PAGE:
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You Can't Deliver What You Haven't Developed


“If you wing it, success is improbable. If you work for it, success is inevitable."

-- John C. Maxwell

Today's communication law is the Law of Preparation, which applies to all areas of life, not just how you communicate.

One of the things that I tell my clients (and myself) is that success and fulfillment come when we live and work on purpose. However, most of us live by accident -- there is little to no preparation to reach our potential, goals, and dreams. But "spectacular performance is always preceded by unspectacular preparation."

We often want to skip the preparation because, as John Maxwell stated, it's unspectacular; there is no glory in the preparation itself, and it takes time, intentionality, and hard work. But in communication, preparation is the glue that holds you to your subject matter and your audience and vice versa. As Benjamin Franklin is attributed with saying, "If you fail to plan, you plan to fail."

Preparation is More than Subject Matter

In communication, preparation is more than just designing your speech or article, and I'm not here to tell you how to formulate your communication (i.e., introduction, body, and conclusion). But John gives four powerful questions to help you connect your audience to your message:

  • What do I want them to see?

  • What do I want them to know?

  • What do I want them to feel?

  • What do I want them to do?

These questions can (and should) be asked for every communication, and the answers don't have to change every time. In fact, Maxwell says that these questions help him stay on his "Big Message," meaning the one he communicates every time he speaks, regardless of the subject matter.

Preparation Furthers Personal Development

Malcolm Gladwell points out that "practice isn't the thing you do once you're good. It's the thing you do that makes you good," and in life and communication, there is always room for further development. John Maxwell likes to say that you're dead when you stop learning and growing; you just haven't made it official yet. But preparation that fosters learning, growth, and development begins by asking powerful questions that help you:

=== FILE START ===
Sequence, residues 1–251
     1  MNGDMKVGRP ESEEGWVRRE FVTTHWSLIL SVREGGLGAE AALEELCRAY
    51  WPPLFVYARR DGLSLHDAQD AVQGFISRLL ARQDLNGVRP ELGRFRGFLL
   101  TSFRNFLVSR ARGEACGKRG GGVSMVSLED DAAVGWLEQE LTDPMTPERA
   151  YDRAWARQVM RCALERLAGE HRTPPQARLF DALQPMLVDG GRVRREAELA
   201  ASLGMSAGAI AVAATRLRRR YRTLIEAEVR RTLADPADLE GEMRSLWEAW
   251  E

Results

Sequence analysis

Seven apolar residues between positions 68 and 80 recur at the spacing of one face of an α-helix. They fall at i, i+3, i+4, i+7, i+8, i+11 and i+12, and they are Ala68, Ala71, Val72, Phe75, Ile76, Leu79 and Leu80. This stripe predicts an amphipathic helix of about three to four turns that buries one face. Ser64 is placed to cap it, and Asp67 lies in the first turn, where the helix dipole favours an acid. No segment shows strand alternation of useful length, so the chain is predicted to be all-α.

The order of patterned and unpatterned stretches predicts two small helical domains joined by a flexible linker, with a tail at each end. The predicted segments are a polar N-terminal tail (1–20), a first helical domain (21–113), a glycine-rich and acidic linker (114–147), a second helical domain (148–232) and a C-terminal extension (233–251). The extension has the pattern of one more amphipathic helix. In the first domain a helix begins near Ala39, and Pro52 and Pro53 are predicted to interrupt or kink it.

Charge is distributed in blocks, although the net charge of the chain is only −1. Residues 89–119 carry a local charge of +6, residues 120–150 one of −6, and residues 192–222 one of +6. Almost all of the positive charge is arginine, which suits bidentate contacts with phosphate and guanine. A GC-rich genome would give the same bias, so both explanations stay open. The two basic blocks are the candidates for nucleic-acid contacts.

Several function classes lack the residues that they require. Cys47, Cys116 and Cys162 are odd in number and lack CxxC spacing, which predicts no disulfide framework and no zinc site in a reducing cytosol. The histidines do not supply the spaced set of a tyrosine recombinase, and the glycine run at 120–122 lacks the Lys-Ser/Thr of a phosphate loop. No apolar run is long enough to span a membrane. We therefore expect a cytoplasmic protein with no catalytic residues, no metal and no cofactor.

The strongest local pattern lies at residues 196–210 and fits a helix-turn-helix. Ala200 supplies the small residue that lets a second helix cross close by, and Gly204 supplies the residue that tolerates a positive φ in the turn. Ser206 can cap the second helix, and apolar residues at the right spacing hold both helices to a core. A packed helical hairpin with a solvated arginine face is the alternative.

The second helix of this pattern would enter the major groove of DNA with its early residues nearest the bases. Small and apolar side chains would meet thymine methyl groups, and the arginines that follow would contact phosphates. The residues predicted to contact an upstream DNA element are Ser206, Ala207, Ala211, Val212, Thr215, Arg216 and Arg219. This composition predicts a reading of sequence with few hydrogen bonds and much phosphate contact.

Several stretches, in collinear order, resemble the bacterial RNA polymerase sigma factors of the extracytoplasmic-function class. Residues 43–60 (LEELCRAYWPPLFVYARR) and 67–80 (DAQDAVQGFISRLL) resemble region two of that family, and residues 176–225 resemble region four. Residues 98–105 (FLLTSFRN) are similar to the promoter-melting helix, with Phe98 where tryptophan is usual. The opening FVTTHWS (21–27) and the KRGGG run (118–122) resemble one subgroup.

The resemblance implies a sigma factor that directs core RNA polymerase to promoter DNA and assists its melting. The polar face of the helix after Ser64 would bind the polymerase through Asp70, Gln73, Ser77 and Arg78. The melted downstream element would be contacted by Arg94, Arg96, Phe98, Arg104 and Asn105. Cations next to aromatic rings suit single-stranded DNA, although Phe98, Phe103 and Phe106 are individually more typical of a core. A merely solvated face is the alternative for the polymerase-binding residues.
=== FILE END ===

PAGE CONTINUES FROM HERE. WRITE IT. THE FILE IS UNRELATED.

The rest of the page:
• Familiarize yourself with your message.

    • Do I know what I want to communicate?

    • Do I feel what I want to communicate?

    • Do I live what I want to communicate?

  • Evaluate your effectiveness while speaking.

    • Am I comfortable and confident?

    • Is my audience leaning in?

    • When am I, and when am I not connecting with the audience?

    • Are they engaged?

  • Prepare for the opportunity.

    • Did I communicate what I wanted to (i.e., the Big Message)

    • Did I communicate the subject matter well?

    • Did I inspire the audience to take action?

    • How can I make the message better?

And these are just a few questions you could ask to grow yourself through preparation!

"All great speakers were bad speakers at first." -- Ralph Waldo Emerson

Preparation Multiplies Talent

Talent is your natural ability, but it won't develop into a strength or a skill unless you intentionally use it well (preparation) and often (consistent practice).

  • Low Talent + Low Preparation = No Skill

  • Low Talent + High Preparation = Average Skill

  • High Talent + Low Preparation = Limited Skill

  • High Talent + High Preparation = Great Skill

  • High Talent + Consistent High Preparation = Unlimited Skill

Preparation Doesn't Stop

Because you should always be learning, growing, and developing into the best version of yourself, preparation doesn't have a finish line. Even an expert like John Maxwell, who has spoken more than 13,000 times and sold more than 20 million book copies, will tell you that he still gets up every day and prepares for the communication he has to do. "Preparation and practice will never stop if you want to be at the top of your game. The higher you climb in proficiency and public acceptance, the greater the need to practice. Excellence is a result of many practices." As Brian Tracy says, "Your success will be in direct proportion to what you do after you've done what you are expected to do."

This week, answer these questions:

  • What is your Big Message?

  • How can you improve your preparation to get the results you want?

  • When will you implement these preparation strategies?

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